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Reasons for Repeat Rapid Response Team Calls, and Associations with In-Hospital Mortality

Richard Chalwin, Lynne Giles, Amy Salter, Victoria Eaton, Karoline Kapitola, Jonathan Karnon
Joint Commission Journal on Quality and Patient Safety 2018 December 3

BACKGROUND: Previous publications noted increased mortality risk in patients subject to repeat rapid response team (RRT) calls. These patients were examined as a homogenous group, but there may be many reasons for repeat calls. Those potentially preventable by the rapid response system have not been investigated.

METHODS: In a retrospective cohort study, patients with potentially preventable repeat calls were classified into two categories: type 1 (patients who had a repeat call following an initial call that ended despite the patient still triggering RRT calling criteria [T1-PRC]) and type 2 (patients with a repeat call within 24 hours of an initial call and for the same reason [T2-PRC]). In-hospital mortality for these patients and for those with repeat calls for all other reasons (ORC), were compared to patients with only a single call during their admission (SC).

RESULTS: Mortality occurred in 31 (43.7%) T1-PRC, 13 (15.1%) T2-PRC, 56 (28.9%) ORC, and 289 (13.9%) SC patients. Univariate odds ratios (ORs), in comparison to SC patients, were 4.81 (95% confidence interval [CI]: 2.96-7.81; p < 0.001), 1.10 (95% CI: 0.60-2.02; p = 0.75), and 2.52 (95% CI: 1.80-3.52; p < 0.001), respectively. Mortality effects persisted for the T1-PRC and ORC groups after adjustment for patient, admission, and initial call characteristics with ORs of 4.07 (95% CI: 2.36-7.01; p < 0.001) and 2.29 (95% CI: 1.57-3.34; p < 0.001), respectively.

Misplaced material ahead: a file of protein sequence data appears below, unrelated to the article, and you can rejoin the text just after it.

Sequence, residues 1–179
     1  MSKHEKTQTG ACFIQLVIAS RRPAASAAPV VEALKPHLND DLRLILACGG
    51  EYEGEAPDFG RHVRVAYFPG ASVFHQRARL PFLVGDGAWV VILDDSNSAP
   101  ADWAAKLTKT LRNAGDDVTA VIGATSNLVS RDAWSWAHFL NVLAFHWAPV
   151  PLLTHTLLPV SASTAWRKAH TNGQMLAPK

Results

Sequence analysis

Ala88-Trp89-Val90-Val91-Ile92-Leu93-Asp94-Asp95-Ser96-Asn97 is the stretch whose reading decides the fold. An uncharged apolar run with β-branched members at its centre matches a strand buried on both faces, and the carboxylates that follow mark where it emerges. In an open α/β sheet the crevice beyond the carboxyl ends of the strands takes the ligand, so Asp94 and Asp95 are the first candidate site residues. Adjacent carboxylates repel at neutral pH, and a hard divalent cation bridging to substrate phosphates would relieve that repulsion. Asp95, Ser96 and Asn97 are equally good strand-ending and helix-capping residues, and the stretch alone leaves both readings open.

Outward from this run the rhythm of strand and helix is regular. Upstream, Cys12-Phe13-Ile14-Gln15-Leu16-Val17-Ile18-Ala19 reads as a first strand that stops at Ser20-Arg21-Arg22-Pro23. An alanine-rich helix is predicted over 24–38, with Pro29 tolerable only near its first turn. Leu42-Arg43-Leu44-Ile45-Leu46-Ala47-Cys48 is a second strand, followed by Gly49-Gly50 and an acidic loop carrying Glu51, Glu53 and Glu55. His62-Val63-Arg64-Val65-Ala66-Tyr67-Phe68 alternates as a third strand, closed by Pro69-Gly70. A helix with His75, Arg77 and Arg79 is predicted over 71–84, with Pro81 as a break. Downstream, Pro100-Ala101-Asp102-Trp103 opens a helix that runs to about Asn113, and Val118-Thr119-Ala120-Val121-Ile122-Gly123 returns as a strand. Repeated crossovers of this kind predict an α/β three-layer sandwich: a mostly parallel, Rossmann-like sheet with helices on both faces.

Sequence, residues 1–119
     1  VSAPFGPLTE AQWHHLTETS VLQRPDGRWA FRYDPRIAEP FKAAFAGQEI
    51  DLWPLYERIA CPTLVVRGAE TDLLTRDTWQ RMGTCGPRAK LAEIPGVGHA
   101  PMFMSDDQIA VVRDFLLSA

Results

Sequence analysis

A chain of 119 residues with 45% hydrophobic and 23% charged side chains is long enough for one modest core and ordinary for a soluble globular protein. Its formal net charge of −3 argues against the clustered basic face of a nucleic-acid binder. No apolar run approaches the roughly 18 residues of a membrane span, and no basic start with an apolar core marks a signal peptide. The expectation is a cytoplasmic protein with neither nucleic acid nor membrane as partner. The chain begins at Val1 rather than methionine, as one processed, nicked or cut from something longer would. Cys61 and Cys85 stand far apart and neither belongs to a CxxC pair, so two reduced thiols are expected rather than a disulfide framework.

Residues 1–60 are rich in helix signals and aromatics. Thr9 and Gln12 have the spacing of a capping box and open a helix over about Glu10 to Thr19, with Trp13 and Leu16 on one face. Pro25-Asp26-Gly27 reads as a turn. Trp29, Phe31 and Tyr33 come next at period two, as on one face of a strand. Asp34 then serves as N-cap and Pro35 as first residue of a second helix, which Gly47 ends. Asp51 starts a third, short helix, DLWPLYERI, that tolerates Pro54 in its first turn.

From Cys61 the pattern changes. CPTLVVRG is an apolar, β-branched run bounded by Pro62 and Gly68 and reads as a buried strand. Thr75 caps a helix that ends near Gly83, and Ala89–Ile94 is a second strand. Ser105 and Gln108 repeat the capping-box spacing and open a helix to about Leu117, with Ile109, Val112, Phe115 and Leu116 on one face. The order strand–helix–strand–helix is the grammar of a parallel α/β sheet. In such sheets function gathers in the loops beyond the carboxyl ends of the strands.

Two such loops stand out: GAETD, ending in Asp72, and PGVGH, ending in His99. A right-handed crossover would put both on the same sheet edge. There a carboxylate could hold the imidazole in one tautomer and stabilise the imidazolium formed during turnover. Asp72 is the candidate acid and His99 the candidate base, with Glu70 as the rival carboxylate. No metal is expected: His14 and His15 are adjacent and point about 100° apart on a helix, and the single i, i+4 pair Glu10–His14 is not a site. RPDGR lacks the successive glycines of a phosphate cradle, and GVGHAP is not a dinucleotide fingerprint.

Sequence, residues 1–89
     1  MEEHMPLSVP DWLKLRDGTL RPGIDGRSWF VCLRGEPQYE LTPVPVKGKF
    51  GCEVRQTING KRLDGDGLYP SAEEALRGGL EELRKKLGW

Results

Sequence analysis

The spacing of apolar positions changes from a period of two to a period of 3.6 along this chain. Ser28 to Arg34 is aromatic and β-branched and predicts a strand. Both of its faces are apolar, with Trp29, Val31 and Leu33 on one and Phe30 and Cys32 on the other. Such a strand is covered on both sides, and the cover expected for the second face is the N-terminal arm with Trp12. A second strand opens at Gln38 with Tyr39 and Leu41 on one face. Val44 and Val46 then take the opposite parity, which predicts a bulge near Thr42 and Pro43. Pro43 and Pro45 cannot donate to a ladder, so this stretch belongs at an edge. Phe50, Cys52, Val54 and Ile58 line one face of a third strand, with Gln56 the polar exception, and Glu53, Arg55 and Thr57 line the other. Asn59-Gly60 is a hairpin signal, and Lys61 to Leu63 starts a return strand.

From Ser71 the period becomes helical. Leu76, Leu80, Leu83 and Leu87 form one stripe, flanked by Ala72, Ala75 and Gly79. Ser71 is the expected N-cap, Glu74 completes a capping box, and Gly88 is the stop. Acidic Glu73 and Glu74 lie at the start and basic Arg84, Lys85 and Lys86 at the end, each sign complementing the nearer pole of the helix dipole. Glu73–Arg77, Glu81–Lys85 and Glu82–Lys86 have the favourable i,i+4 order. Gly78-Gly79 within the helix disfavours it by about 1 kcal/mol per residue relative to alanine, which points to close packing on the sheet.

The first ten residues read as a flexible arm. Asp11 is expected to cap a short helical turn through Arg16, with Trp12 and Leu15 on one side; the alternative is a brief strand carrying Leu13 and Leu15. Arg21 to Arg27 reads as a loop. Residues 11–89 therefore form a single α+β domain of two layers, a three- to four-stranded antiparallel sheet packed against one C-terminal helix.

CONCLUSION: This study found that repeat calls following an initial call that ended with ongoing breach of predefined calling criteria were strongly associated with increased mortality. This highlights the risk to patients when the RRT leaves reversible clinical deterioration unresolved at the end of a call.


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